“If you want money, you rob banks. If you want to study executions, you go to Texas.”—James Liebman
A few weeks ago we featured The Wrong Carlos: Anatomy of a Wrongful Execution by James Liebman and the Columbia DeLuna Project and interest in the book and the case continues to grow. Most recently James Liebman was interviewed by The Christian Science Monitor about the book and the case. The following is an excerpt from the interview:
Q: What convinced you to investigate a specific death penalty case?
In 2000 and 2002, we published a big study which showed there was a huge amount of adjudicated errors found in capital cases in the United States by state and federal courts. Essentially, two-thirds of all death verdicts reviewed over a quarter century had been overturned based on serious error.
Proponents say the system is working, and we don’t have to worry about the ultimate error of someone being innocent. There’s another interpretation. If an airline company or a car company had this level of error, nobody would want to go near them. If there’s this much smoke, there’s got to be fire.
So we wanted to examine a particular case to see if we could determine the risk of executing the innocent. We went from a statistical study where we were just counting outcomes to making a judgement call about which cases would be interesting to look at.
Q: How did you find this case in particular?
We started by looking at Texas cases. If you want money, you rob banks. If you want to study executions, you go to Texas.
We started looking at eyewitness identification cases because of the long-standing evidence that these cases can be faulty. The witness in this case was one person who happened to be pumping gas outside a store where a clerk was attacked and killed.
He saw the assailant come out of the store and run away. After a 45-minute manhunt, he identified Carlos de Luna.
This case fit what we were looking for.
Q: It sounds like every institution failed in this case – the police, the prosecutors, the defense, the judge, the press. Who was most at fault?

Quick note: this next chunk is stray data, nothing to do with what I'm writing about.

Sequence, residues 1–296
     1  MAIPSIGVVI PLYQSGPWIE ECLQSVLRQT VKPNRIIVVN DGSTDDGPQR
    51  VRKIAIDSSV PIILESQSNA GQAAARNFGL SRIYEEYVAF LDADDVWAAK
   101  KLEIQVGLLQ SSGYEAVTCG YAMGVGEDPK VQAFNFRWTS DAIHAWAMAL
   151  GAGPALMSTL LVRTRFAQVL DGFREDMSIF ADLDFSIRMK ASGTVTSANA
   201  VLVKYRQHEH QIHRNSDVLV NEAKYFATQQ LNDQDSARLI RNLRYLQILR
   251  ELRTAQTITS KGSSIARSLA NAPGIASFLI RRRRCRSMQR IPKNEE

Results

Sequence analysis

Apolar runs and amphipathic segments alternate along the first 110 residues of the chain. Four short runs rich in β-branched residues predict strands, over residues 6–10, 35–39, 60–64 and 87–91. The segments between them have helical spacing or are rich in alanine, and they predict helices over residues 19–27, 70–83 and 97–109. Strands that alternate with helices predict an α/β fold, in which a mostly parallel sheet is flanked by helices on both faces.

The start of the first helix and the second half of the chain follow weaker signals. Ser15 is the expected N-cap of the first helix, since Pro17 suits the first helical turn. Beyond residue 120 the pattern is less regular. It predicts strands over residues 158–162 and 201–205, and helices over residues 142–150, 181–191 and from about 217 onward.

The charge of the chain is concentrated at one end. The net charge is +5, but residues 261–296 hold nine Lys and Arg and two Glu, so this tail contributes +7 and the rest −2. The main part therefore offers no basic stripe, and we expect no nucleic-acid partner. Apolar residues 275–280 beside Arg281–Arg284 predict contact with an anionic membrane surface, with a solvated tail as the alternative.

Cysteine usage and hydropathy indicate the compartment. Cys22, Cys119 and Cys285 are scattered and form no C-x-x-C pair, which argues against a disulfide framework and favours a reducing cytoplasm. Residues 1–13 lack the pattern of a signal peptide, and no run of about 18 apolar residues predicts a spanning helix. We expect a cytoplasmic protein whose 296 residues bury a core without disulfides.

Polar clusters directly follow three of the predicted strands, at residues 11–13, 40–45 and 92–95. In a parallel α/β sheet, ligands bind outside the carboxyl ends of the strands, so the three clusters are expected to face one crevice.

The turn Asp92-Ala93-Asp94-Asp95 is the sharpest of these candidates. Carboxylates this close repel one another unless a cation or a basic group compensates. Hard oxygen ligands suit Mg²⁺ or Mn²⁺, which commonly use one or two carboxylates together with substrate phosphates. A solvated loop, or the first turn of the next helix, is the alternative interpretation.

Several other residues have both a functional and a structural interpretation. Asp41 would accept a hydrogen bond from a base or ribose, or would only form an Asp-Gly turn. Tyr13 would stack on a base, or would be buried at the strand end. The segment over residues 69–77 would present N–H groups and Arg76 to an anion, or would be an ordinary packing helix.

What really surprised us in this case—and honestly changed my mind about how we think about error in criminal cases—is that it wasn’t any one thing. It was a combination of everything failing, a perfect storm, a collection of different errors.
Why was it this case where everything would fail instead of some other case? We came to the conclusion that it wasn’t just the defendant who was a person of no status, privilege, or interest to anybody to spend time protecting. The same was true of the victim, a poor, single high-school dropout from the Hispanic community. Nobody cared enough about her to want to get to the bottom of things. Everybody’s prone to cut corners and not do a very good job.
Another thing is that Corpus Christi as a community has overused the death penalty. It’s one of the top 15 per-capita execution communities in the United States.
Q: In 2006, US Supreme Court Justice Antonin Scalia declared that opponents of the death penalty hadn’t found a case of an innocent person being executed: “If such an event had occurred in recent years, we would not have to hunt for it; the innocent’s name would be shouted from the rooftops by the abolition lobby.” Now you have just such a case, and it’s gotten plenty of attention. But will it matter?
It’s having an effect, and there’s a conversation taking place about that case. It becomes much harder for people like Justice Scalia to say the execution of an innocent person never happened because no one’s talking about it, it’s never been documented.
There is a clear process in which the public is taking the death penalty issue back from the courts and asserting its right to decide on this issue. Little by little, individual counties are no longer using the death penalty, and six states recently have abolished it.
Through their prosecutors, jurors, and judges, communities are quietly deciding the risks and costs of the death penalty aren’t worth it anymore. That’s ultimately how this issue may be decided, by individuals across the country.